Tree health and ectomycorrhizal fungal communities

Are there links between tree health and ectomycorrhizal fungal communities under changing environmental conditions?

Photo
Ectomycorrhizal fungi (shown here growing on a Scots pine root tip) are intimately associated with the roots of most temperate tree species. Hyphae, the thread-like filaments of fungi, wrap around the root tips of the tree and through them water uptake and nutrient exchange take place. The hyphae are also known to provide trees with a degree of resistance from drought and also serve as a protective barrier from diseases.
Photo
The fruiting body, or sporocarp, of a fungi.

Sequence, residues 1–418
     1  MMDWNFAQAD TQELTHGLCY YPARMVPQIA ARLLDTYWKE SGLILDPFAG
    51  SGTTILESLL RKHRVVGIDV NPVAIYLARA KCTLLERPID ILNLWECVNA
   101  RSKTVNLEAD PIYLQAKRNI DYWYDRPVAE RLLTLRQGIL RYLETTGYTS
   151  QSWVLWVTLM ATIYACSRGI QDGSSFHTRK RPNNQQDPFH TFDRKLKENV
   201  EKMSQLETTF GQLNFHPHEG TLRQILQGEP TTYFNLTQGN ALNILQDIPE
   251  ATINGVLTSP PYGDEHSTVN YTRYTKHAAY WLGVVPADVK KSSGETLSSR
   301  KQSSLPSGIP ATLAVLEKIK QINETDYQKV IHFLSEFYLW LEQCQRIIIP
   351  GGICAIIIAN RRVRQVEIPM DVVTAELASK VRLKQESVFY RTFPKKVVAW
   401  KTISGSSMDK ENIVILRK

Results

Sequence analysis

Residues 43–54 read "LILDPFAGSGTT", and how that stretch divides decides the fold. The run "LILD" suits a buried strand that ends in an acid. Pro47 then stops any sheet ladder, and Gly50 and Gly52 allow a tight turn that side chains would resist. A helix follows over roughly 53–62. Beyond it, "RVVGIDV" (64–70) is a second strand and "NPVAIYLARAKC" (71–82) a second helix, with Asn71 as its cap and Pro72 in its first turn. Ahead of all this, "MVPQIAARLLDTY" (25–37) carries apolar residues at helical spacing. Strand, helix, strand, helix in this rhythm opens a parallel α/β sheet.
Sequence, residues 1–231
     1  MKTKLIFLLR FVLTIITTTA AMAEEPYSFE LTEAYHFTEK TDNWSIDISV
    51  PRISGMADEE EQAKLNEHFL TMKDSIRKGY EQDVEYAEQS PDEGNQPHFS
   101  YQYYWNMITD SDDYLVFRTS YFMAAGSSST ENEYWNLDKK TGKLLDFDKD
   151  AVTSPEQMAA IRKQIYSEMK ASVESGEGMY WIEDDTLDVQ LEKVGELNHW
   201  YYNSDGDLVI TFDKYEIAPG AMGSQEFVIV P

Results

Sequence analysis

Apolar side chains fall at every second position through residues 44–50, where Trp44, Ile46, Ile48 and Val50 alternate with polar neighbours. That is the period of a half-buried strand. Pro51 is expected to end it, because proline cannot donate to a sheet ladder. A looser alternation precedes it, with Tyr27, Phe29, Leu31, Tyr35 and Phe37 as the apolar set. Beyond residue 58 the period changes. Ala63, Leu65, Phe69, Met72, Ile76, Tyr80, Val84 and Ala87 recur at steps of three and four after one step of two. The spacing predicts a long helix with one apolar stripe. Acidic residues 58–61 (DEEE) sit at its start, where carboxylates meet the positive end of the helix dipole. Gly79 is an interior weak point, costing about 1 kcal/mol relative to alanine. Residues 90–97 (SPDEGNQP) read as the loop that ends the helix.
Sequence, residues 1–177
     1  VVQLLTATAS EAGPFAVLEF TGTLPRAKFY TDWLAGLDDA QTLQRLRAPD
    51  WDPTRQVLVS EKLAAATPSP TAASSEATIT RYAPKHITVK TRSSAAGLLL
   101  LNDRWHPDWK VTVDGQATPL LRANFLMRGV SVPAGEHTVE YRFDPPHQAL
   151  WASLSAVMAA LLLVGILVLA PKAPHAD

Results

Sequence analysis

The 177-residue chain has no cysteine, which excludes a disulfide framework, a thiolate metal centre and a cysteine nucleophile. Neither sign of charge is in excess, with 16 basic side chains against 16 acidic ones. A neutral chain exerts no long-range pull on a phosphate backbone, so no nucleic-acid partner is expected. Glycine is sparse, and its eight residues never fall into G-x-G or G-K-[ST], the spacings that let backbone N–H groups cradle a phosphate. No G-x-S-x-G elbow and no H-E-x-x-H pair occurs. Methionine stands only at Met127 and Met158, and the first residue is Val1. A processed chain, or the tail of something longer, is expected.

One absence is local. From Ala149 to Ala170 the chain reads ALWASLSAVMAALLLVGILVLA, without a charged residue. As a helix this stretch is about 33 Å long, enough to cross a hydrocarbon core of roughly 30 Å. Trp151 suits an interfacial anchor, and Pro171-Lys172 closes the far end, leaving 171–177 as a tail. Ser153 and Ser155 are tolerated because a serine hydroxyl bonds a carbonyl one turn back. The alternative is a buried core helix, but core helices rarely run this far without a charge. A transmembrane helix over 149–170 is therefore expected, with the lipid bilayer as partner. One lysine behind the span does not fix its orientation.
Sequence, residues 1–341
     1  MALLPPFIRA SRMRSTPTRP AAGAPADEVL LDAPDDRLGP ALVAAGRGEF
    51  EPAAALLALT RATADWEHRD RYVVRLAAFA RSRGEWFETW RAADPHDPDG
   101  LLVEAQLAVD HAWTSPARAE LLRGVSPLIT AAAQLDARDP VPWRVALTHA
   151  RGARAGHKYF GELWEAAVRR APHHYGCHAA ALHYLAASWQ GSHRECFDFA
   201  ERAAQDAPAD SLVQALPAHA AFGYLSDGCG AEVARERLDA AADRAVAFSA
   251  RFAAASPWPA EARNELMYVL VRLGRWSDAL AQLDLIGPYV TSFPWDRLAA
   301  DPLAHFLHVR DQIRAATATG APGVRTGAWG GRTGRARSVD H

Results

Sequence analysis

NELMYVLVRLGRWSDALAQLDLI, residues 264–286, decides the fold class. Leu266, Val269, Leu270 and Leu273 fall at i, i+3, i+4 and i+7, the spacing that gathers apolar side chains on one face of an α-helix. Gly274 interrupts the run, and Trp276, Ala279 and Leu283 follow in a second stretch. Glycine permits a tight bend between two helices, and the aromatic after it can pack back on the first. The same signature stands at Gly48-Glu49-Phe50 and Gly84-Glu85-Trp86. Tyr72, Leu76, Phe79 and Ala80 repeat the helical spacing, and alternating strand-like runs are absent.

Summary

Ectomycorrhizal (ECM) fungi are intimately associated with most temperate tree species and have demonstrated important and rapid shifts in species composition and abundance in response to a range of environmental stresses (e.g. droughts, eutrophication and/or acidification of forest soils).

Monitoring of changes in ECM fungal communities might, as a result, serve as a sensitive early warning indicator of environmental change that has the potential to be disruptive to trees. This might develop where environmental change, such as the eutrophication of forest soils, interferes with the varied functional roles of ECM, including the vital roles of facilitating carbon, nutrient and water uptake in trees.

This project uniquely applies molecular genetic techniques to characterise the ECM communities of fungi found in P. sylvestris Intensive Forest Monitoring plots at a wide geographical scale (UK, Germany), allowing for detailed information about ECM community structure and composition to be linked to the environmental variables measured at each site.